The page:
EU Goes Ahead – In Short
The EU Goes Ahead scenario assumes that while Non-EU countries introduce climate polices of relatively low ambition, and few policies to improve resource efficiency, the EU unilaterally pursues a low-carbon and resource-efficient economy.
In this future world, major disappointment at the failure of international agreements on the development agenda lead to a thorough review of the EU’s competencies. Resource efficiency is identified as a key opportunity to boost Europe’s competetiveness and protect against potential climate change impacts and material scarcity that are expected to appear later in the century. This agenda reinvigorated the EU und received backing from member states, corporations and citizens.
Lifestyles and preferences are largely shaped by the top down structures and are largely led by extrinsic motivation. Resource efficiency is achieved by technological solutions. Appropriate price signals and clear environmental information (eco-labelling) show citizens the most resource-efficient products and services.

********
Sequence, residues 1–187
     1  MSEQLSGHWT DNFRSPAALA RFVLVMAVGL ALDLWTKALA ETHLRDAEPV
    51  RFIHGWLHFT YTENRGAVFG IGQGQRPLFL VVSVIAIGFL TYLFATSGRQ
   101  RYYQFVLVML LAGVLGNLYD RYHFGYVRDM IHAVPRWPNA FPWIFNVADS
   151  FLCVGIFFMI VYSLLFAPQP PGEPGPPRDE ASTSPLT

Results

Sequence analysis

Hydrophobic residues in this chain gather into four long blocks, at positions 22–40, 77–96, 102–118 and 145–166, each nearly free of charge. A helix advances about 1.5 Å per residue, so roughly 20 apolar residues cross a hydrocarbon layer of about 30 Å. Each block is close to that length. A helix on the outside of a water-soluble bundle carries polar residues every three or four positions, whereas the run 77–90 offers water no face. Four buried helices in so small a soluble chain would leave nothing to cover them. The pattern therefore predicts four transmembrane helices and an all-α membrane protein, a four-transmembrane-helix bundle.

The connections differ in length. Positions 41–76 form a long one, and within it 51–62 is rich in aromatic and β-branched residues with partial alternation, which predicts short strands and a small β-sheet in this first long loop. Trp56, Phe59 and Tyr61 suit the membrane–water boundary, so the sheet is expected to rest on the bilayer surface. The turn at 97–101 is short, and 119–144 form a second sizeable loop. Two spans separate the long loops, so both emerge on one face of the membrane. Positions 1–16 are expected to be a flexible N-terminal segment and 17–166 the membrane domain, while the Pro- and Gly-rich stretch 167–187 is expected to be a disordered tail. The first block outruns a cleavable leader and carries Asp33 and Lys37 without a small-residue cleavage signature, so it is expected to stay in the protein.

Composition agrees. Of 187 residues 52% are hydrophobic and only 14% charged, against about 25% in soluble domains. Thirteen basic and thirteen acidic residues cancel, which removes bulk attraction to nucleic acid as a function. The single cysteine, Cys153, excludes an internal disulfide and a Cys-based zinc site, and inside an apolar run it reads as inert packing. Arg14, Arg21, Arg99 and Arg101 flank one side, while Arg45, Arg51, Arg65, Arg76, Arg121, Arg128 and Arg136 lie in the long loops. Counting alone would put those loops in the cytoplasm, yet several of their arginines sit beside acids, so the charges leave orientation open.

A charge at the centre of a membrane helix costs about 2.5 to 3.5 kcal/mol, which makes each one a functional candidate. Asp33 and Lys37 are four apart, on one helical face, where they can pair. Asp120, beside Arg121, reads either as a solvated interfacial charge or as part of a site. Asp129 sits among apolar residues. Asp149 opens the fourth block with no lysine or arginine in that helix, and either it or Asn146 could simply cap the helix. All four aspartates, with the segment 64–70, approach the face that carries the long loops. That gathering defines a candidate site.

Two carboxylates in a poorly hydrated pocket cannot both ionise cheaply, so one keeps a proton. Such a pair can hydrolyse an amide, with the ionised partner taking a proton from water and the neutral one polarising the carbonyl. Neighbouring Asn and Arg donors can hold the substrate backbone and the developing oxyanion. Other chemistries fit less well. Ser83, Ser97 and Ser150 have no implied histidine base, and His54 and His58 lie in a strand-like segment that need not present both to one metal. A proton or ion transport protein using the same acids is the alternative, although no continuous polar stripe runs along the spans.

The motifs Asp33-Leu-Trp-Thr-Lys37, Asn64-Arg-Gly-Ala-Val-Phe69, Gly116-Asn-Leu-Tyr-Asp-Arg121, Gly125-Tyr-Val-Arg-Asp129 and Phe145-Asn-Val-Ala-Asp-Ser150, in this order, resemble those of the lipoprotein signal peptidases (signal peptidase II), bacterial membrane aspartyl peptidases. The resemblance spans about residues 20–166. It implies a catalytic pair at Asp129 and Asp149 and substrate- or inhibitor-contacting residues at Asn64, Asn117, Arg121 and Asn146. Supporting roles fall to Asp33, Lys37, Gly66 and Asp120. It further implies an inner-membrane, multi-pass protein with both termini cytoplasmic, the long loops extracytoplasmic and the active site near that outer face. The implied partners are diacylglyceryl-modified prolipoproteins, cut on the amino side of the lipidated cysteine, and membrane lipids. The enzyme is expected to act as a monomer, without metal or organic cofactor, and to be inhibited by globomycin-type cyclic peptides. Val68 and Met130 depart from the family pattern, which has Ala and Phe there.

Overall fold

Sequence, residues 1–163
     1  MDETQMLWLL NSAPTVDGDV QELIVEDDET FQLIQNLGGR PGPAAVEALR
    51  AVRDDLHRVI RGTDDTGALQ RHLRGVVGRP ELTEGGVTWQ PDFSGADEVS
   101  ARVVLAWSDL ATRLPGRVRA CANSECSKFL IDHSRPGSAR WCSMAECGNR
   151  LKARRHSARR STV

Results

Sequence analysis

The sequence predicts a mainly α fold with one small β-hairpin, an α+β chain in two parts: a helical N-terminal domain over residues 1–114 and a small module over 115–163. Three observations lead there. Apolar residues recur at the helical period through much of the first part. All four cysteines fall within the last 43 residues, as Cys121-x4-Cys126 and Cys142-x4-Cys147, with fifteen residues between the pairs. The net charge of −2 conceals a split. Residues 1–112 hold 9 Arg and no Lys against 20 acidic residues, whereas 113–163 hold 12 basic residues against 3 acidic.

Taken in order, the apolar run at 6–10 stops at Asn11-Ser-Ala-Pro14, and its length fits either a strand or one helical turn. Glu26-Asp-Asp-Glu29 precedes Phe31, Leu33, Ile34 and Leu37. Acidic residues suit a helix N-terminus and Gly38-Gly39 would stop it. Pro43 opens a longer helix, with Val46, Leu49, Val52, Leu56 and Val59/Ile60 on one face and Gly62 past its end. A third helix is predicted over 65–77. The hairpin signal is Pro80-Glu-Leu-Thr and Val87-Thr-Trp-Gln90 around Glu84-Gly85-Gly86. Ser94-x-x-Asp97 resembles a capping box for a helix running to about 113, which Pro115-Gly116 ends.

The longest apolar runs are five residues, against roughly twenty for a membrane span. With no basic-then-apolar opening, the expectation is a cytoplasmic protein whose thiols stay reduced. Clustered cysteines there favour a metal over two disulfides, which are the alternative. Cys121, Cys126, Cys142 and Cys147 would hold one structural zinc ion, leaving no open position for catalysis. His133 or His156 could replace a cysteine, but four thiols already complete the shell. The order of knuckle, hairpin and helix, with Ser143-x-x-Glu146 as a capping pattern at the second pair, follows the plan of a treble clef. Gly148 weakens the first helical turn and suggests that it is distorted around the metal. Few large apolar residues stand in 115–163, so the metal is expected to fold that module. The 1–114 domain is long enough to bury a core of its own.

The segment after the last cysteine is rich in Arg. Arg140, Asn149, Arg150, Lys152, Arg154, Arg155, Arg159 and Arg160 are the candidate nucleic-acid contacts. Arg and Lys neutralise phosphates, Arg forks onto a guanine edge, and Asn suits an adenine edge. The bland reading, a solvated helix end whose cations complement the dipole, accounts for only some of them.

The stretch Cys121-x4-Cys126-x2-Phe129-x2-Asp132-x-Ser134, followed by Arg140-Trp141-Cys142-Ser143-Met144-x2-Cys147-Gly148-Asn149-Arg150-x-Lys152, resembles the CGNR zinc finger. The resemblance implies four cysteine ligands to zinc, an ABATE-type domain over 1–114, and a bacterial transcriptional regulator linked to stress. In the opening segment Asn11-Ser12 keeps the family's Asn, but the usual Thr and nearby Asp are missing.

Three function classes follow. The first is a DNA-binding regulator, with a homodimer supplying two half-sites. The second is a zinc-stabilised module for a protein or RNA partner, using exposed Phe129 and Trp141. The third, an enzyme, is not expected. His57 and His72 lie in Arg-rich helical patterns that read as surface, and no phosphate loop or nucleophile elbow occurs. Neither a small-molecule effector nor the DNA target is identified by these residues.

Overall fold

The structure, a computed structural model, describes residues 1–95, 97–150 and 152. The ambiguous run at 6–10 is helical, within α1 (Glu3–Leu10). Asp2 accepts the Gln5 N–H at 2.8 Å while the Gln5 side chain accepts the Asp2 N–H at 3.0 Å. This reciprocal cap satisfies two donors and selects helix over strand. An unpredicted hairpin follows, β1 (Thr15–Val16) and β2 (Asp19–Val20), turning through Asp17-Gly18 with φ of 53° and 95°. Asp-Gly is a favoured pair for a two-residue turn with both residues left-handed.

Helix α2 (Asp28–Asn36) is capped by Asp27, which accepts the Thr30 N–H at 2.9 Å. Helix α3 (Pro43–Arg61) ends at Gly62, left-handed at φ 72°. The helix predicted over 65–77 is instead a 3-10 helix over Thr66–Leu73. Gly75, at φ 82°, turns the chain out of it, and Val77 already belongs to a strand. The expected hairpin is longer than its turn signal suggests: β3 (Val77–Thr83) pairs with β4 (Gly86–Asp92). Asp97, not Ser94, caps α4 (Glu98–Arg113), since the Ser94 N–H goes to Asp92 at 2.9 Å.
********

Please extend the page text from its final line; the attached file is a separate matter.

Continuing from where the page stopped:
In 2050 all people throughout Europe live in comfortable, zero-carbon homes which are insulated, have a modern heating system and are equipped with renewable energy. Urban mining plays a major role as well: materials from demolition sites are recycled. European society is even more mobile than it is today. Urban transportation will be zero carbon by 2050. The use of cars remains high, but are propelled by electricity and hydrogen. There will be a European high-speed railway network, displacing road travel and aviation for mid- to long-distance travel. In EU Goes Ahead, electrification of the energy system is widespread (with electricity generated almost entirely by renewables and other low- and zero-carbon sources), and is the driving force behind decarbonisation of the transport sector and for heating and cooling in buildings. There will be a large share of organic farming in European agriculture.